# Resolver to digital converter

An apparatus, preferably in the form of a resolver to digital converter for converting the amplitude modulated, encoded signals into digital signals representative of the velocity and position is described. The apparatus is of the type that includes an electronic control transformer circuit for providing respective products of sine and cosine analog signals respectively times the cosine and sine of the digital position signals and for differencing the products so as to produce an analog AC error signal. The improvement comprises means for converting the analog AC error signal into a digital DC error signal and a digital accumulator for time integrating the DC error signal to generate the digital position signal. In a preferred embodiment the output of the accumulator is digitally modulated so as to provide the digital position signal as a bit-reduced feedback signal to the electronic control transformer.

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**Description**

This invention relates to signal encoding, and more particularly to an improved digital converter of amplitude modulated and encoded analog signals.

Devices for generating digital signals representative of amplitude modulated and encoded analog signals are well known. One group of such devices includes rotary transducers that provide instantaneous information regarding angular position about an axis and means for rendering that information in digital form. Such transducers include resolvers, i.e. electromagnetically operated sensing analog devices typically combined with electronics to provide a digital output representative of a measured mechanical angle. A resolver typically comprises a rotor that generally has an input or excitation winding and a stator having a pair of output windings. The excitation winding is driven by a sine wave reference. As the rotor turns, the coupling relationship from the rotor to the stator changes correspondingly with shaft angle. In particular, the amplitudes of the voltages of the stator windings ideally respectively vary as the sine and the cosine of the shaft angle. The detailed output voltage of each output winding can be expressed mathematically by a first term that is in phase with the carrier excitation and independent of the angular velocity, and a second term that is exactly in quadrature with the carrier excitation and depends linearly on the velocity. Therefore, synchronous demodulation of the resolver output will yield signals representative of the sine and cosine of the shaft angle independently of velocity. Because the sine and cosine of an angle uniquely define that angle, then the resolver output can be decoded to measure the resolver mechanical angle independently of resolver velocity.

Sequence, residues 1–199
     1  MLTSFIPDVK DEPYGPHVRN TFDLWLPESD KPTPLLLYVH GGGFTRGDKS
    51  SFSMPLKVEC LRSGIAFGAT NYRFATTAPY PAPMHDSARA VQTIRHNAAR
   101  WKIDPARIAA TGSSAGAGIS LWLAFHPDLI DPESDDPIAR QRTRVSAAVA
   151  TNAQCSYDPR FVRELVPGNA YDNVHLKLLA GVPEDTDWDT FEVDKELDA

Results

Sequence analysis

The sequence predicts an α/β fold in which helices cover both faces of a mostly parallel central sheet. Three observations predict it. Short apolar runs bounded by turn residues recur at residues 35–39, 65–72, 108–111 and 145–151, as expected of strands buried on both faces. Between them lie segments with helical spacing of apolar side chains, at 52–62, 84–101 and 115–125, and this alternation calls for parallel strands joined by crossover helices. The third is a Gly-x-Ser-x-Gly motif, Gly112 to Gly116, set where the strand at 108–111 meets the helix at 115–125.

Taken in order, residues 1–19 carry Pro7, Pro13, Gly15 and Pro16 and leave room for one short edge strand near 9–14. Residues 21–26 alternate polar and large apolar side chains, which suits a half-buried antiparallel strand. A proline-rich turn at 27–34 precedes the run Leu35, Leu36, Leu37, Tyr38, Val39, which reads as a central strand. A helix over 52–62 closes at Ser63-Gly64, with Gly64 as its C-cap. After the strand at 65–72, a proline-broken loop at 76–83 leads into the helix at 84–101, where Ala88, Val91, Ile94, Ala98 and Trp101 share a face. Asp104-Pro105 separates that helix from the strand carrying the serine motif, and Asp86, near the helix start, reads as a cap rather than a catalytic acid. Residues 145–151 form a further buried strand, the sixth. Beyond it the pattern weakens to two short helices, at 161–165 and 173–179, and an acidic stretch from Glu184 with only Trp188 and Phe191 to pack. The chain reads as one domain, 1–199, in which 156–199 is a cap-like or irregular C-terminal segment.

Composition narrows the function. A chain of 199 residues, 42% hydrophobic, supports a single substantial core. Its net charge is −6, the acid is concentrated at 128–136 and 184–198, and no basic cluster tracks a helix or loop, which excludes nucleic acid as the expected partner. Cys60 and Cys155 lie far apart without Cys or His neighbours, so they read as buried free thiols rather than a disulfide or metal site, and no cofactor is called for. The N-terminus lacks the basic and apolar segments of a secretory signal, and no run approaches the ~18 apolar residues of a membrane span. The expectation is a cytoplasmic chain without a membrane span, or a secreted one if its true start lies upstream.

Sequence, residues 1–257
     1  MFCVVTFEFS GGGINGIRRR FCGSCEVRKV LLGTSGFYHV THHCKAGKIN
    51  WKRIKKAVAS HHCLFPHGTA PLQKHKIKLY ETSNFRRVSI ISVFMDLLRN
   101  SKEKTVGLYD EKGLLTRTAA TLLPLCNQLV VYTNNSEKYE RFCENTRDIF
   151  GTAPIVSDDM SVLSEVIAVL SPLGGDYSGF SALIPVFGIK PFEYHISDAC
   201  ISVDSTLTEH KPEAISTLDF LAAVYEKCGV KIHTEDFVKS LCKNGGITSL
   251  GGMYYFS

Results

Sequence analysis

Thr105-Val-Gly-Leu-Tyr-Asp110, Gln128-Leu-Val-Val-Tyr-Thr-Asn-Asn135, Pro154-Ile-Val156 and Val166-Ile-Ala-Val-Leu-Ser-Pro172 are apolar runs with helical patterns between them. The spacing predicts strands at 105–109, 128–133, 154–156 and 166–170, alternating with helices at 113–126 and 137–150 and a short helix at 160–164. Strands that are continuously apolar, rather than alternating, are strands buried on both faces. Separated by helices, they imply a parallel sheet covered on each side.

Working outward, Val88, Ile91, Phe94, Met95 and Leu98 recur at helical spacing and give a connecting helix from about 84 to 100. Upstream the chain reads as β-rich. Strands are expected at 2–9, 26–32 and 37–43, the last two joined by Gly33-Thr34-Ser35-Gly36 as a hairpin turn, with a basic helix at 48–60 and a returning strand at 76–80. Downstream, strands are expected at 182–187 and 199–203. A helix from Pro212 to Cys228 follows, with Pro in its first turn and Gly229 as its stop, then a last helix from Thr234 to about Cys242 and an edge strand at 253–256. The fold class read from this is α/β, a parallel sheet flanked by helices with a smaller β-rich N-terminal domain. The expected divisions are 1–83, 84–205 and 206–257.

Because the angular position sensed by a resolver is often desired in digital form, it can be converted to that form by well-known resolver-to-digital (R/D) tracking converter electronics. Presently, R/D converters often also supply an analog signal representative of the resolver's angular velocity. For example as shown in FIG. 1 which is a block diagram of the prior art technique, the converter is provided with what is known in the art as a standard type II tracking loop, i.e. the difference between the actual resolver position .theta..sub.M and the output digital signal word .theta..sub.E (which digitally represents the actual resolver position as closely as possible within the resolution limits prescribed by the size of the quanta of the digitization interval) is calculated and the resulting output signal is doubly integrated to yield the digital position estimated output .theta..sub.E. The double integration at low frequencies insures that the static position error for constant resolver angular velocity will be driven to zero, hence the type II designation.

The prior art converter shown in FIG. 1 typically comprises resolver 20 for converting a mechanical angle .theta..sub.M to an analog electrical output signal having sine and cosine components as noted above. Resolver excitation source 22 is coupled to resolver 20 for providing the desired sinusoidal carrier excitation signal to the latter. The sine and cosine components of the output of resolver 20 are fed as respective input signals to electronic control transformer 24 which is a circuit that includes a pair of specially weighted, multiplying digital-to-analog converters (MDACs) 25 and 26. Each of MDACs 25 and 26 takes a digital position estimated signal .theta..sub.E (which will be seen to be the converter digital output signal) as its digital input signal, and also accepts as an analog multiplying reference the respective sine or cosine component of the resolver output, and provides the respective products of the resolver winding voltage and the sine or cosine of the digital input, and differences them at summing circuit 28 to produce an AC error signal.